The Dogon, who live in cliff dwellings nestled into the sides of a mountain range in central Mali have star charts that show Serius B, the white dwarf star that accompanies Serius A. If you climb the cliff-side (I have) between the square mud huts and the tiny mud grain-storage facilities, going beyond the small child defecating in the alleyway and around the rooftop thatch where the 13 year-olds wait out their convalescence after being circumcised with a hoe by the village elder (horrific!!) you will find a large slab of graffiti-covered rock, with the charts (Dr. Marcel Griaule, a French anthropologist, was the first to discover the hidden knowledge) painted beside images of animals and spirits. The wild thing, of course, is that Serius B is not visible to the naked eye. How did the Dogon, who live frozen in an era thousands of years ago, attain such knowledge?
There was a fascinating article this morning in the Guardian written by a tech consultant who was invited to the Nevada desert by a group of billionaires keen on picking his brain related to what they called “The Event” – the upcoming collapse of civilization. Climate apocalypse, civil unrest, EMPs destroying our computers, failure of our mono-cropped foodstuffs resulting in food-wars, a drying up of the river water, fires burning out of control, nuclear holocaust by the Russians (boy that one feels more real these days, doesn’t it…?). They are unclear about exactly what is coming, but these tech moguls know it is here and that they must transcend to survive it.
Maybe that is why Zuckerberg is building a Metaverse? To upload your consciousness and survive forever as an avatar in a computer program that runs long after humanity has returned to the cliff-caves – powered by a Dyson sphere (no, that would require actual engineering), more likely uploaded onto a satellite’s computer (we already have that tech, no need to stress) and left to enjoy life until the gigabytes run out (wait, didn’t that happen to hologram Sherlock Holmes in 138th episode of Star Trek Voyager?). To exist in a computer program of your own making, perhaps never even aware of the moment you transcend; or crammed into elite apartments within a refurbished Soviet bunker with a bunch of other thick-and-rich drinking each other’s purified urine until the wine runs out. Those are the options of the geniuses who gave us Twitter and Minecraft.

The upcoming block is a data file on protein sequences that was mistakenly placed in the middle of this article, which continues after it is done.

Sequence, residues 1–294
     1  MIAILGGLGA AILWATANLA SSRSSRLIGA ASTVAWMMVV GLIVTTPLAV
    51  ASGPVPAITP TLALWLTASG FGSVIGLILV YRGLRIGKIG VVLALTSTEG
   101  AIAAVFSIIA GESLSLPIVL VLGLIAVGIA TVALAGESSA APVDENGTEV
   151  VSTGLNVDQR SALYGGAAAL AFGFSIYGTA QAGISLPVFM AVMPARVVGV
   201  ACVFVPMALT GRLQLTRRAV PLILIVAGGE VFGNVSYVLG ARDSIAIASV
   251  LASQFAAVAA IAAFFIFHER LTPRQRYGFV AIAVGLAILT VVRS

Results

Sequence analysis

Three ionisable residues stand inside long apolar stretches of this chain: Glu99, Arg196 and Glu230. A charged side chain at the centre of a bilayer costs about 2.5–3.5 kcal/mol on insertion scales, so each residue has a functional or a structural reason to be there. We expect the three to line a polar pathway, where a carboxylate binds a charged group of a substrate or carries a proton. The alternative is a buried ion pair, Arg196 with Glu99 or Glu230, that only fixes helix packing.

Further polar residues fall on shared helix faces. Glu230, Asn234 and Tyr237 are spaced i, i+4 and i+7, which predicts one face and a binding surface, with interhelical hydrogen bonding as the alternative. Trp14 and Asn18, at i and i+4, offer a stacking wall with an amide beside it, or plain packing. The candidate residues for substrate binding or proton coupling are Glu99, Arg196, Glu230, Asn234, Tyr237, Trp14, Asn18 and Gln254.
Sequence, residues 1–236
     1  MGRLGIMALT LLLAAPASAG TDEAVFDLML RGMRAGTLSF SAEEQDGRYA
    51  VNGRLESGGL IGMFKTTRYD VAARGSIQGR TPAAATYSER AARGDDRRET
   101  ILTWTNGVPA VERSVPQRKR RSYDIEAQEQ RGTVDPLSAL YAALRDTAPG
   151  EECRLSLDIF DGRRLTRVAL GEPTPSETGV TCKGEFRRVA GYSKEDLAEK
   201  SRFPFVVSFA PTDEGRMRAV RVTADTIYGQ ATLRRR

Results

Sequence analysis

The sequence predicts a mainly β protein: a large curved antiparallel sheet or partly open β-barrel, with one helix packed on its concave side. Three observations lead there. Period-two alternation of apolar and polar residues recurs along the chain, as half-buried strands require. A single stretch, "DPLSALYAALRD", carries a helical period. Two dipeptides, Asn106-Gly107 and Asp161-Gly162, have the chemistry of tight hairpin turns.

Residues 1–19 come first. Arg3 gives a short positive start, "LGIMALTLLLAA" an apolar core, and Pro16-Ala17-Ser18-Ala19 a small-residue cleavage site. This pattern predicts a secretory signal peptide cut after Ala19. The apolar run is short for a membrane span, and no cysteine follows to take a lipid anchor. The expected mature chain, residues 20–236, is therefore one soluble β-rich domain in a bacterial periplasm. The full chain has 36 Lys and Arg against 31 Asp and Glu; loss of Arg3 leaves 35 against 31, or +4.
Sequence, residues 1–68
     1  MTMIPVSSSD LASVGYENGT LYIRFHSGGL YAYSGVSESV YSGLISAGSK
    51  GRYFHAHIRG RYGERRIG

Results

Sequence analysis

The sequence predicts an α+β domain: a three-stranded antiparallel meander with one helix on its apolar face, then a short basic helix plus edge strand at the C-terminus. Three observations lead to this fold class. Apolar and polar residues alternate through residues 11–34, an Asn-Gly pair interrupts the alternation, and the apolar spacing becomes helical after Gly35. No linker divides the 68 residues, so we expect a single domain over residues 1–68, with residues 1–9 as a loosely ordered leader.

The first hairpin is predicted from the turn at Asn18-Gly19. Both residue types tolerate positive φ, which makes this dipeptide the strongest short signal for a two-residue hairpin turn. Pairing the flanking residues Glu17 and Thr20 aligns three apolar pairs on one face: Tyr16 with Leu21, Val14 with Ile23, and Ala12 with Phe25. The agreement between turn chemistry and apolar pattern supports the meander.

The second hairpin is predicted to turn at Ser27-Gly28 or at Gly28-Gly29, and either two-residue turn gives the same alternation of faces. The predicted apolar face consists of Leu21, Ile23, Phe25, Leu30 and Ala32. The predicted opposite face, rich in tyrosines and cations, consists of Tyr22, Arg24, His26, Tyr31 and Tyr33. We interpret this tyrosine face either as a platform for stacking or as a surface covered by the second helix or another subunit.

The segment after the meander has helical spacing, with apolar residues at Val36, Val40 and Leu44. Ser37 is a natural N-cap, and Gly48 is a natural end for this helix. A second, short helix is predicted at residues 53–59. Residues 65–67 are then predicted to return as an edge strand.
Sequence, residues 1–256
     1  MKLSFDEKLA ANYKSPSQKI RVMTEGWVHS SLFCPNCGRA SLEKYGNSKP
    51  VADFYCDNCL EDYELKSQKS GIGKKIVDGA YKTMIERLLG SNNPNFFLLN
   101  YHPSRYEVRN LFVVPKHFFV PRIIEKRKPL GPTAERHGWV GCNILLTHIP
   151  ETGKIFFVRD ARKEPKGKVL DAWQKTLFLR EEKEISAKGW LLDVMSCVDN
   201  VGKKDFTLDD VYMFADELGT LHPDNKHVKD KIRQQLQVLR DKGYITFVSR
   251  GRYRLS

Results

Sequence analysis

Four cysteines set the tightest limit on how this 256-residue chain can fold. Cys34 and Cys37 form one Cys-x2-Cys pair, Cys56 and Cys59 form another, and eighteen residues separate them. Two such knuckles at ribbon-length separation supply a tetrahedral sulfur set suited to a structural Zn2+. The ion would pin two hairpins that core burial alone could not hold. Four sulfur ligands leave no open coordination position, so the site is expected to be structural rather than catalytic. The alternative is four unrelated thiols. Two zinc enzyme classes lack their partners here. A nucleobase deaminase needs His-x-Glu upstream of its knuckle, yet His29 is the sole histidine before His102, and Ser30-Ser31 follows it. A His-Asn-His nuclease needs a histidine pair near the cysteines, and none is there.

Civilizations fail and then they fall and we are left with only the last remaining vestiges of monumental acts of engineering and traces of lost knowledge to remind us that ours is not the first go at utopia. The pyramids in Egypt and Tiwanaku. The vanishing traces of knowledge – Serius B star-charts drawn on cave walls and hints at a lost Atlantian island nestled in ancient books. Age-old tech floating in orbit, where neither rust nor decay can destroy them.
The signs appear to be accelerating. Victor Hugo wrote that, “Nothing is more powerful than an idea whose time as come”. When they do, they develop their own momentum and are impossible to escape. Scientifically, it’s called the ‘percolation threshold’, when there is a large enough percentage of people who believe in the plausibility of a concept – enough fissile material to maintain a reaction – and it becomes a reality. Extermination is everywhere, a deep hopelessness married to skepticism of humanity’s ability to find solutions for the problems of today. “Hunger games” meets “The 100” and “The Expanse”. 44% of childless adults planning to not procreate. Surging populism and surging tides; firestorms and wars without ends and the sixth great extinction. Five billionaires in the Nevada desert.
This brings us back to the Dogon and ancient knowledge. It makes sense, to a degree; when the EMP destroys the smart-phones, who will survive – the Washington bureaucrat or the rural Wisconsin farmer? Will the artisanal fisherman in his canoe continue to find ways to eat, or will you in your high-rise? And if you weather the initial violence, where will you go? Likely, you will crawl to the cliffs of Africa and make a life among the Dogon, sharing with them whatever abstract knowledge you had in the hopes of preserving your legacy, convincing yourself that your time on this planet was not all in vain, that you achieved something, some knowledge, something true before it fell away. The recipe for the perfect ceviche – or maybe star charts of a white dwarf star in Canis Major, to be discovered in the future as proof that you lived and learned. And we start all over again.
Maybe next time we’ll get it right.